Just what has happened to the specimen river roach?

dezza

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I grew up in a small village, near to Worksop. It wasn't in Nottinghamshire but only just in Yorkshire, but there, only a cycle ride away, were the Rivers Ryton, Idle, Roche, Maun, Meden and Poulter.

Today, due to aquifer abstraction, a couple of those streams are mere trickles, however in my youth, they contained good fish of several species, the most notable being the roach of the river Idle.

However even this river paled into insignificance when compared with the Hampshire Avon and some of the other Southern streams. But due to distances and cost, the ability to fish these rivers was forbidden to myself, and still is now.

But something has happened, even to rivers like the Hampshire Avon. In most cases the roach are not there, not in reasonable quantity. And where are the big roach of the Wensum, and the other Norfolk rivers? Even the Severn, that maginificent waterway, the river that gave me my biggest ever roach is not what it was. Why in the early 90s you could fish a light link leger or stret peg with a stick float and catch up to 30 lbs of prime redfins, some of which went over the magic 2lbs mark. Men like Bill Leavesley and Des Taylor, both of Bewdley put me onto some marvellous roach fishing. As Bill Leavesley once told me, a 1 1/2 pound Severn roach is worth more than a hundred Borises.

But today, the fabulous catches are no more.

Thank goodness we few roach enthusiasts in the north have The Don, The Idle, the Rother and of course the mighty Trent.

2 pounders might be rare from these waters, many brilliant roach anglers of the past never even topped 2lbs from the Idle, a river known for producing very big roach. But I think that the realists amongst us are prepared to set our sights a little lower and appreaciate that a one pound roach is a thing of true beauty, magnificence, and a "gentle giant" as John Bailey describes them. And when you think about it, just how many one pound roach are taken from rivers today?

Are you planning a roach campaign this winter?
 
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preston96

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A 2lb river roach has always been a rare critter, even in the best days on the Severn a lot of roach had to be caught to get amongst the big fish.......sure we all fluked a fast one or two but amassing a bag was in my experience the best way.

I always have to have my roach trips during the winter Ron, and i have the perfect place lined up that still gives bags of them in the right conditions.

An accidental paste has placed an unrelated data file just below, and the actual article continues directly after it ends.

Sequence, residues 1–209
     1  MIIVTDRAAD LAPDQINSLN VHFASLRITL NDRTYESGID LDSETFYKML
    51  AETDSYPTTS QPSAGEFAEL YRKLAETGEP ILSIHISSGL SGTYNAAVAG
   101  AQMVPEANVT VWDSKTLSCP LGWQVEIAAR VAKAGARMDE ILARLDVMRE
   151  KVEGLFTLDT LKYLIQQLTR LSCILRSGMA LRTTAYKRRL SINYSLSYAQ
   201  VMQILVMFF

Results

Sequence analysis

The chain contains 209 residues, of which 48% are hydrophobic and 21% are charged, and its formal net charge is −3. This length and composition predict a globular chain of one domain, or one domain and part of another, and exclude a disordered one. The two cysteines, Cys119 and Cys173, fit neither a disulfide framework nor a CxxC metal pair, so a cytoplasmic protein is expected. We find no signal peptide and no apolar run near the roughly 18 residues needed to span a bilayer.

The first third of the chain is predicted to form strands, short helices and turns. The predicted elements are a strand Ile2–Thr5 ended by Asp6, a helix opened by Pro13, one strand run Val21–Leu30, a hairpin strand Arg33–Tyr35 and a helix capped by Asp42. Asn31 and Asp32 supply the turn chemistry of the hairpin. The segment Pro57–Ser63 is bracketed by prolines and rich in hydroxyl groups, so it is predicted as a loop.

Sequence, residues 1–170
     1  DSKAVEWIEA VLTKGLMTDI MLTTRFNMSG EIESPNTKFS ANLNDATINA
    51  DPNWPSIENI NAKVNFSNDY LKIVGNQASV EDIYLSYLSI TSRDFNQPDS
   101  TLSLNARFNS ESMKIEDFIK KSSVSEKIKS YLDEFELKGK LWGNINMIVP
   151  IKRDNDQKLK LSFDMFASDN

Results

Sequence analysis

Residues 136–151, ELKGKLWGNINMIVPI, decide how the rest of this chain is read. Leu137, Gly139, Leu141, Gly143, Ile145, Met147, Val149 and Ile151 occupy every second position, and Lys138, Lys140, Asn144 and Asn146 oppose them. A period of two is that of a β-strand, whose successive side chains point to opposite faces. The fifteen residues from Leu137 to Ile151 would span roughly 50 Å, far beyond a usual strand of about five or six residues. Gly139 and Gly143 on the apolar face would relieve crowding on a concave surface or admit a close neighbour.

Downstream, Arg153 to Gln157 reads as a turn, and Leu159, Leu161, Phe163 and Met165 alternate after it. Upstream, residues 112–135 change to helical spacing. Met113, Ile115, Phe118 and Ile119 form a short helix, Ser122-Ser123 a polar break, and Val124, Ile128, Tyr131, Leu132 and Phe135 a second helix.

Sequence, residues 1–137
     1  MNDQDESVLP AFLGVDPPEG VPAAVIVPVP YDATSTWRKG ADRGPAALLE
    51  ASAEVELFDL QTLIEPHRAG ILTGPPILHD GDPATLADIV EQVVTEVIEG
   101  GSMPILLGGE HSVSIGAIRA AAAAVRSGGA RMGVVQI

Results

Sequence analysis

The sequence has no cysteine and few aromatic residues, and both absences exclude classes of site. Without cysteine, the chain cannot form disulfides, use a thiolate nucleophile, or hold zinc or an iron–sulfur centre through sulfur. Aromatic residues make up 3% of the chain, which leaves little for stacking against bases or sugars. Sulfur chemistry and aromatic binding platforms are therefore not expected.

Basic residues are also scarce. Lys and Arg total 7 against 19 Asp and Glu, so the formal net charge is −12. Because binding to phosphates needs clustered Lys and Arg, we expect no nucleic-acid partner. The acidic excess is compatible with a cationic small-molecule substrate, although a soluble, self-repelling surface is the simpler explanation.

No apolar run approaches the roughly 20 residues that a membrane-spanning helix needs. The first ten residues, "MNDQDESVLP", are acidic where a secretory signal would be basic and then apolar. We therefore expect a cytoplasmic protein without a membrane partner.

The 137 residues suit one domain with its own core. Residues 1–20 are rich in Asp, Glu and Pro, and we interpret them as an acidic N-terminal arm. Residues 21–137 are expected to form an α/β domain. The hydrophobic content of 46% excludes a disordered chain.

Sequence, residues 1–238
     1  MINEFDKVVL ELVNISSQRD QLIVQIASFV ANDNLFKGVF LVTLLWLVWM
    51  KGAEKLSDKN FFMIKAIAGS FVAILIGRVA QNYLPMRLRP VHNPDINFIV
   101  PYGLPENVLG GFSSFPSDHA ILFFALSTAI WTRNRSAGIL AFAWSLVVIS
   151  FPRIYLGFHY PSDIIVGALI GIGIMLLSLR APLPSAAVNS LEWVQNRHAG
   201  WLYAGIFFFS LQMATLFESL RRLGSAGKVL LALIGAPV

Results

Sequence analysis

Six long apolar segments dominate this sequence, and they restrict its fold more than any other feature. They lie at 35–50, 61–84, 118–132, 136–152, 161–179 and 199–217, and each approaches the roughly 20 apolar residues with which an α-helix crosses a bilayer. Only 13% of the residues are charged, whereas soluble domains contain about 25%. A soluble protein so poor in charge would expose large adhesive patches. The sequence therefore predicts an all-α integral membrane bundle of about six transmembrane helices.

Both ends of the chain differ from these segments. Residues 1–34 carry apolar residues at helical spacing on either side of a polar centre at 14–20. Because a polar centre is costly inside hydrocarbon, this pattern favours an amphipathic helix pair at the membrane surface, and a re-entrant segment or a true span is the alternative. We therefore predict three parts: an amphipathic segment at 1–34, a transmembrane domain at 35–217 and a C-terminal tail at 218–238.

A tip i will give is to explore big river backwaters when the main river is tearing through and especially on the run off.
 

dezza

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I used to fish a classic "Mr Crabtree" cattle drink on the Ryton in my youth, near a village called Blyth. When the river was up in autumn and winter, I caught quite a few good roach up to 1 lb 11 oz from this spot by laying on with a redworm.

I remember a small drain which fed into the tidal Trent near the village of Littleborough. Not only was this a good pike spot, we caught excellent roach, loads of bleak and the odd chub and dace. The best bait was redworm. It fished very well after the Trent had flooded.

Do you know, I'll bet that spot has never been fished in yonks. Who knows what might be swimming under its dark surface.

But in those days we were for ever prospecting and exploring for new water.

I don't think the average angler does this anymore.
 
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Graham Whatmore

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The Severn still has some good roach fishing if you know where to fish and one of the best places is Stan Lewis's water above Bewdley as I have said more than once on here and now is the time to fish it. The lower Severn holds some big roach shoals and my biggest roach of 2.5lb came from Kempsey below Worcester but the best roach fishing by far is Hereford on the town water where roach in excess of 2lb and even a few over 3lb are regularly weighed in on the Hereford AA matches.

I think roach are more shoaled up in tight areas than they used to be in years gone by and I, like most anglers of a certain age can remember when roach were pretty much spread throughout a river, they were the matchmans target fish on most of them including the Trent. Many is the time I have weighed in big weights on the Trent matches and comprising mainly of roach with the odd chub thrown in.

They have declined in numbers quite plainly but there are still pockets of them in those rivers that once held massive shoals but why the decline? I don't know but from my knowledge of the Severn after the barbel were introduced when the roach (and dace incidentally) all but disappeared I think maybe the dreaded barbel has a lot of questions to answer along with the black death of course.
 

preston96

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You are soc on Graham, there are fewe
r pockets of roach but they are still there......my PB came from Hereford a few years back now, not one of the "3's" but getting there.

Hereford is indeed a great roach stretch and thankfully still is but i used to know of a couple of other "pockets" that seem to have "gone"..........though the dace seem to be coming back well.

It amazes me that some anglers seem to think of hemp/tares or hemp caster as summer baits, nuff said on that one, let em think it ;)

"Dreaded" barbel........i often wonder what the Severn and Teme would be like if the barbs hadn't been planted, ......... :wh
 

dezza

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You are soc on Graham, there are fewe
r pockets of roach but they are still there......my PB came from Hereford a few years back now, not one of the "3's" but getting there.

Hereford is indeed a great roach stretch and thankfully still is but i used to know of a couple of other "pockets" that seem to have "gone"..........though the dace seem to be coming back well.

It amazes me that some anglers seem to think of hemp/tares or hemp caster as summer baits, nuff said on that one, let em think it ;)

"Dreaded" barbel........i often wonder what the Severn and Teme would be like if the barbs hadn't been planted, ......... :wh

A hell of a lot better than they are now Brummie. I like barbel fishing and I have had some great times fishing for them, but only in the rivers where they belong.

I often met many on my Severn roving days, not match anglers either, who cursed the barbel.